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November 9th, 2010

Bus Stop by Pepper Espinoza

This is a sweet and nice romantic novella, something this author make me accustomed to expect. Lealdo and Patrick are probably not the most handsome men you can find around but they are for each other; Lealdo noticed Patrick, the American man who wait the bus at the stop near the coffee place Lealdo goes each morning, but he has never had the courage to talk to him: even if handsome, Lealdo is also shy, he is not really your typical Italian man (who have the reputation to be more straightforward). Then one day Lealdo notices that Patrick is waiting for the bus under the rain, without an umbrella, and that is the perfect haunch for him. Offering shelter to the man under his umbrella is little step to invite him to dinner and from that moment on the story smoothly flows towards a nice and happy romance.

Patrick is new to Rome and Italy, and he is, like Lealdo, a bit shy. He is fascinated by Italian men, but he has never had the courage to do a move. Truth be told, he has not noticed Lealdo before, and he is not exactly the classical darkhaired and intense Italian man that usually make Patrick’s heart flutters, but nevertheless, Lealdo is handsome, and to Patrick, he seems also straightforward, or at least more than Patrick’s himself. It’s probably love at first sight, and Lealdo kind and gentle courtship will conquer Patrick in less than one day.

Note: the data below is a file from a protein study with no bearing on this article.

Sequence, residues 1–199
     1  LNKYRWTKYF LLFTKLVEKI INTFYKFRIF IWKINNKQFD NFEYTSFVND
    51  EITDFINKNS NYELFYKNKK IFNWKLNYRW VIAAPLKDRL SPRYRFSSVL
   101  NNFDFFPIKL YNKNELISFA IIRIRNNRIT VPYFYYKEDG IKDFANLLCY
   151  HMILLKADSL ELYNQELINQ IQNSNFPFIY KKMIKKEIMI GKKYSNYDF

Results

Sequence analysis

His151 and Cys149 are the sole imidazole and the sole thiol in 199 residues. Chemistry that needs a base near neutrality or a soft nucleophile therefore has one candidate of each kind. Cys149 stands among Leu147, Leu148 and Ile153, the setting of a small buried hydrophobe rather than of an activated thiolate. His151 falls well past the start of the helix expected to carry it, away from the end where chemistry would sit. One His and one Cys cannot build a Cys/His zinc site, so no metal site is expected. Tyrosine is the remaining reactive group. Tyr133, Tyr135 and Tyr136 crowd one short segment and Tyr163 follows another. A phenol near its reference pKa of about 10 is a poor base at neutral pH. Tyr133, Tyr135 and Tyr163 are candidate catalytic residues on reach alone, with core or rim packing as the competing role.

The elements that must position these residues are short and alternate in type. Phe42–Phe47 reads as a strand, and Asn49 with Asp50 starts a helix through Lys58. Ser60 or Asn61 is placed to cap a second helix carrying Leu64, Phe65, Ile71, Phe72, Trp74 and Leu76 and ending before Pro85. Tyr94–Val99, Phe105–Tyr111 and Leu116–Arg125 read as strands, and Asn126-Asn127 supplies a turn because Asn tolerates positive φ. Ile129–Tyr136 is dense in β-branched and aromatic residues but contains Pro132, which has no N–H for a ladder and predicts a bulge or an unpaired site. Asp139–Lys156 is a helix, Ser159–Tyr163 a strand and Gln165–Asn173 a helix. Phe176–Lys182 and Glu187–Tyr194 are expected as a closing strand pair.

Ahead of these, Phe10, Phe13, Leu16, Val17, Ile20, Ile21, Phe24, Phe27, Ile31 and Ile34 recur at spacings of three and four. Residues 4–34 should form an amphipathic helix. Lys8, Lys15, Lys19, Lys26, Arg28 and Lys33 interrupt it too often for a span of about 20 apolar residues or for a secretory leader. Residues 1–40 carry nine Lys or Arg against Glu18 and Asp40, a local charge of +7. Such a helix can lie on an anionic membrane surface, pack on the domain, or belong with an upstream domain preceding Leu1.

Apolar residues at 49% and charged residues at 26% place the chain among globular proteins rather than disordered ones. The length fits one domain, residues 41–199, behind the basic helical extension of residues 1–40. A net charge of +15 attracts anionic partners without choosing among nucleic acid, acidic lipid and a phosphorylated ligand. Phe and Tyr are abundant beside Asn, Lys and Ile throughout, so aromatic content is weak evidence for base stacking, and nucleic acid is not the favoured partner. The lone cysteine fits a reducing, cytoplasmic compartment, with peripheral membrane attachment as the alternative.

I like both Patrick than Lealdo, they are probably average guys in an average situation, but they are really nice. It was a delight to read about their first meeting, the awkardness of two people who don’t know each other, but that they would really like to. Strange enough, there was not awkardness in understanding that both of them were gays, and that indead Lealdo was doing a pass on Patrick, a gentle and gallant one, but nevertheless it was clear that Lealdo was interested in Patrick not only in the sake of being gentle towards a stranger.


Amazon Kindle: Bus Stop

Reading List:

Also Best Characters (1° place), Best Setting (1° place), Best Gay Historical (1° place)

The Lonely War was for sure a complex and sometime too much involving novel to read (and not only since it’s almost 500 pages long); I was pulled and pushed by it, especially from the second part on: pulled since I really loved Andrew Waters’ character and pushed since I was expecting, and realizing page after page, that he would not have a traditional happy ending.